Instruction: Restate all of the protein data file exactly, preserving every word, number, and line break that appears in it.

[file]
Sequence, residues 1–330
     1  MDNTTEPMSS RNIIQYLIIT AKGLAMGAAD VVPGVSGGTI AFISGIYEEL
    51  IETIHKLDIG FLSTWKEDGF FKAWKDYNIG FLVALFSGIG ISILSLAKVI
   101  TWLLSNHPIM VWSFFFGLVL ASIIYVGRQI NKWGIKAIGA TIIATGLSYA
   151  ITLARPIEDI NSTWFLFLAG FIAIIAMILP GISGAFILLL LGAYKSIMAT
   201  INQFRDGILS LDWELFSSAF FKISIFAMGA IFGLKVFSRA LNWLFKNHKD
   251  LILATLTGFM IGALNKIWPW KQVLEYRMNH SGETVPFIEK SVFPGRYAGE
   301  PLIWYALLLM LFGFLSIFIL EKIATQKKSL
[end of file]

Sequence, residues 1–330
     1  MDNTTEPMSS RNIIQYLIIT AKGLAMGAAD VVPGVSGGTI AFISGIYEEL
    51  IETIHKLDIG FLSTWKEDGF FKAWKDYNIG FLVALFSGIG ISILSLAKVI
   101  TWLLSNHPIM VWSFFFGLVL ASIIYVGRQI NKWGIKAIGA TIIATGLSYA
   151  ITLARPIEDI NSTWFLFLAG FIAIIAMILP GISGAFILLL LGAYKSIMAT
   201  INQFRDGILS LDWELFSSAF FKISIFAMGA IFGLKVFSRA LNWLFKNHKD
   251  LILATLTGFM IGALNKIWPW KQVLEYRMNH SGETVPFIEK SVFPGRYAGE
   301  PLIWYALLLM LFGFLSIFIL EKIATQKKSL